July/August 2001

A.I., Michael Bay, Kon Ichikawa, François Ozon, Hollywood and porn, Mexico City Journal, Cannes 2001 coverage, Frederick Wiseman's Domestic Violence, Philippe Le Guay's Nightshift, Athina Rachel Tsangari, Hedwig and the Angry Inch, Shakespeare on film, Amy Poehler, Baz Lurmann's guilty pleasures

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Featured Articles

Issue Details

FEATURES

A.I.
By Paul Arthur
A.I. is a dark retelling of Pinocchio set in a post-global warming future where androids serve the needs of humankind. Steven Spielberg’s return to sci-fi territory is as overwhelmingly emotional as E.T. but with a genuinely disturbing undercurrent courtesy of the late Stanley Kubrick, whose original storyboards and treatment formed the basis of the film.

MICHAEL BAY
By Kent Jones
If it’s explosions, testosterone, and entire cities leveled that you’re looking for, here’s your man. All hail the 100% all-American director, the prime exponent of Hollywood spectacle in all its mindless glory.

KON ICHIKAWA
By Olaf Möller
In the fifties and sixties he was at the forefront of Japanese cinema with The Harp of Burma and An Actor’s Revenge. In the years since, his reputation has declined, though he remains as prolific and versatile as ever. A new touring retrospective of his films provides an opportunity for overdue reevaluation.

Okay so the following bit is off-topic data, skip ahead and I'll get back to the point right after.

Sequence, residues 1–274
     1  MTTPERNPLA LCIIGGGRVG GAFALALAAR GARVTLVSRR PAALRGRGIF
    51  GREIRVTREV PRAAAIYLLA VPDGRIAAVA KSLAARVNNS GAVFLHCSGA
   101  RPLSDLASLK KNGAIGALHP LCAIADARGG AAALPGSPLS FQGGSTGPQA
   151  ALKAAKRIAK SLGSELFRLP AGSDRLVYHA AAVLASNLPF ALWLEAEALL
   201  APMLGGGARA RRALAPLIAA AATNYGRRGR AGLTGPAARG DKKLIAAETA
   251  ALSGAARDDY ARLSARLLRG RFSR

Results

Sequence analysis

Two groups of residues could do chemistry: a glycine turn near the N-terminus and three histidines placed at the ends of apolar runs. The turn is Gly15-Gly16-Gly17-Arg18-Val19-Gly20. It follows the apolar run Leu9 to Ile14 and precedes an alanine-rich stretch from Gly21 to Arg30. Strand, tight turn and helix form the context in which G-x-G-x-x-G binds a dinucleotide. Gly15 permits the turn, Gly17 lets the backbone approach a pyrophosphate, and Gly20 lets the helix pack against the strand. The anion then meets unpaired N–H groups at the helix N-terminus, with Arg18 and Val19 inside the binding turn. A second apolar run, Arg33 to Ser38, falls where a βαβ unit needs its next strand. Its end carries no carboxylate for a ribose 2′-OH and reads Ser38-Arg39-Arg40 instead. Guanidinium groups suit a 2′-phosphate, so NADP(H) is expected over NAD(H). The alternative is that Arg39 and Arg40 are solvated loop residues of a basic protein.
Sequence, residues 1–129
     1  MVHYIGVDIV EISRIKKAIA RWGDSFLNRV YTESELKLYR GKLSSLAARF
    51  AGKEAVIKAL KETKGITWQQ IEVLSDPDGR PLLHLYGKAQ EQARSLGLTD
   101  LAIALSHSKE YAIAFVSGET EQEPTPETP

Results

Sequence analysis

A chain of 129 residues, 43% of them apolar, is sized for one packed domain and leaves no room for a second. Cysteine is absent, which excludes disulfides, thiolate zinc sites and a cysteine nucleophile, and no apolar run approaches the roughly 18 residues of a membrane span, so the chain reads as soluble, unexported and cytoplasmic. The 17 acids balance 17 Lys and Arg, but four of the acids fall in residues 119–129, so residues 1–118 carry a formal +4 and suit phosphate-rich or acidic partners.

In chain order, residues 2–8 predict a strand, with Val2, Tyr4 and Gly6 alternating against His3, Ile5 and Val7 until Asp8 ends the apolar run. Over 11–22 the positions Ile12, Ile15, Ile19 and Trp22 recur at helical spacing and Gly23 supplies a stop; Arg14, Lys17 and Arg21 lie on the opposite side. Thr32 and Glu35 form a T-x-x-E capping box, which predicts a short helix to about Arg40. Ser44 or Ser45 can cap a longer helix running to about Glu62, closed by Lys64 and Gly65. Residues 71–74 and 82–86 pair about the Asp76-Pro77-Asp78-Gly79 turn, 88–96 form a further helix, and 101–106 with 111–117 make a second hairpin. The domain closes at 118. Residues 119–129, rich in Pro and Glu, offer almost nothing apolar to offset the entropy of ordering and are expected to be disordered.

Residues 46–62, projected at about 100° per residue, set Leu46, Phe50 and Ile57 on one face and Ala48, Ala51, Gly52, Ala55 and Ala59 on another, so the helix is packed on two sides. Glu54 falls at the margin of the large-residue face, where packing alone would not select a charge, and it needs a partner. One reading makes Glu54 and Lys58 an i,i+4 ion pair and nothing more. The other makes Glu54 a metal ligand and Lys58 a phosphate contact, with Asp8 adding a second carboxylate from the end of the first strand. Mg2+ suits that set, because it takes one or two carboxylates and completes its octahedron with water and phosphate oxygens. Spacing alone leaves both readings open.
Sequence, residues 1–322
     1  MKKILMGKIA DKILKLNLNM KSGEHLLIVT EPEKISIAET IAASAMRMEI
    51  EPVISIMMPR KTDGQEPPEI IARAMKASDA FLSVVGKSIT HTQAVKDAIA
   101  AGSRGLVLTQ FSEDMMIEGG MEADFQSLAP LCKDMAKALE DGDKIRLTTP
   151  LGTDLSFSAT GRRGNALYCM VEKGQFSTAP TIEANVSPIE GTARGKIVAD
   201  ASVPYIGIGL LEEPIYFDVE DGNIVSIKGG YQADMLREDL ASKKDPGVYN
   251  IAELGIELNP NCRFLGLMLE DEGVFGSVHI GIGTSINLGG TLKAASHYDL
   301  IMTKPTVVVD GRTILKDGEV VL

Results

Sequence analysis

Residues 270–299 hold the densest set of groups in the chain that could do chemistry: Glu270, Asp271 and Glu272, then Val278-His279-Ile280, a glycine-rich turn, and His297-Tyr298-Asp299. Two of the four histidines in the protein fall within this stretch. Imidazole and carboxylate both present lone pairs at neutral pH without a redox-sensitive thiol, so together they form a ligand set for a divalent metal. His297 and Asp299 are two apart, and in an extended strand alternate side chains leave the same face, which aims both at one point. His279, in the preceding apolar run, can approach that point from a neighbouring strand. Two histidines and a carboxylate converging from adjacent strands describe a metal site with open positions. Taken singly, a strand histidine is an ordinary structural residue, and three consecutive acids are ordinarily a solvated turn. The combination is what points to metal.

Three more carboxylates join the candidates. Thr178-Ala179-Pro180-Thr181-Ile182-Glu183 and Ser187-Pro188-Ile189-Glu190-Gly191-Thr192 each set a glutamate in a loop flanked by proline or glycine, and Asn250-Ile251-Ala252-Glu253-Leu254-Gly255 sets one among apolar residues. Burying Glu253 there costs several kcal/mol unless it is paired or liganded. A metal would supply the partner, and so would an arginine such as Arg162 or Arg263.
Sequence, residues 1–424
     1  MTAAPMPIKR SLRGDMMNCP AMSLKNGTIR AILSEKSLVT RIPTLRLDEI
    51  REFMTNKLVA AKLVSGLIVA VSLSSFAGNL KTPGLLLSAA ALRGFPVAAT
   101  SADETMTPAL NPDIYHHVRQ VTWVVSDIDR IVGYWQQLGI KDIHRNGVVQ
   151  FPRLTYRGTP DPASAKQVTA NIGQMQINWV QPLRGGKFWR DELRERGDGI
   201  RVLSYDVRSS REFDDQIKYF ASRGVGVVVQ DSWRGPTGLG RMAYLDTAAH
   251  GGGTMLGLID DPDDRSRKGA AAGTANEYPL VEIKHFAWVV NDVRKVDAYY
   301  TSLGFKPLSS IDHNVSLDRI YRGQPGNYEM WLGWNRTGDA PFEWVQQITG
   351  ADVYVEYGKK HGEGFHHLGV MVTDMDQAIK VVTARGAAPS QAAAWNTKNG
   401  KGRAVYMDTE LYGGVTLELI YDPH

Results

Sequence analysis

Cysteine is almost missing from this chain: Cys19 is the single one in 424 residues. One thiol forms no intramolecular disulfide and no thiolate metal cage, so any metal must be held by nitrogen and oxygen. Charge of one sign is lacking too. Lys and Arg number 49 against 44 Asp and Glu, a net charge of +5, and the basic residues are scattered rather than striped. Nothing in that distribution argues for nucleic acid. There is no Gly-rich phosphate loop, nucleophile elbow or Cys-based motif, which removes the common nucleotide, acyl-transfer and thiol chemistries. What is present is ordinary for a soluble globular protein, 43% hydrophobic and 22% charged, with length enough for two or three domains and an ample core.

PORN NATION
By Howard Hampton
Is porn genuine transgression or just show business as usual? With the rise of X-rated video, Hollywood has achieved a secret symbiosis with the skin flick: from The Big Sleep to Videodrome to Boogie Nights to Hannibal Lector, the dream factory has internalized and sublimated porn’s urges and formulae, even as porn itself has become ever more radical, eliminating all distinctions between “reality” and pornography.

ERIC SAKS
By Jonathan Rosenbaum
Dust, a new work by one of America’s leading experimental filmmakers.

CUMMING
By Nicole Armour
This videomaker’s unsettling radical portraits of marginal lives blur the distinction between documentary and performance.

FRANÇOIS OZON
By Frédéric Bonnaud
Since his provocative debut with See the Sea, this brash young talent has tried too hard to be the self-conscious bad boy of French cinema. He got back on track with last year’s Fassbinder adaptation. Now, with Under the Sand, he’s arrived.

SHAKESPEARE ON FILM
By Richard Combs and Raymond Durgnat
What does the ongoing trend of updating his plays tell us about Shakespeare?

DEPARTMENTS

OPENING SHOTS
News, Frame-Ups: Amy Poehler, Off the Shelf: Once, Guilty Pleasures: Baz Lurmann

CRITICS CHOICE
8 critics rate 25 new releases

JOURNAL
Mexico City by Leonardo Garcia Tsao

FIRST LOOK
Frederick Wiseman’s Domestic Violence by Kent Jones

DISCOVERY
Athina Rachel Tsangari by Chris Chang

DISTRIBUTOR WANTED
Philippe Le Guay’s Nightshift by Amy Taubin

INDUSTRY
Cannes by Roger Smith

FESTIVALS
Cannes by Manohla Dargis, Mary Corliss, Richard Peña, Gavin Smith

REVIEW
Bully by Chuck Stephens, Waydowntown by Mark Peranson, The Deep End by Paul Arthur, Hedwig and the Angry Inch by Wesley Morris, Lara Croft: Tomb Raider by Peggy Ahwesh

VIDI VIDI VIDI
Dressed to Kill by Gavin Smith, Cinemnesis by Guy Maddin, Akira by Nicole Armour

FSLC SEEN
Who’s who at recent film society events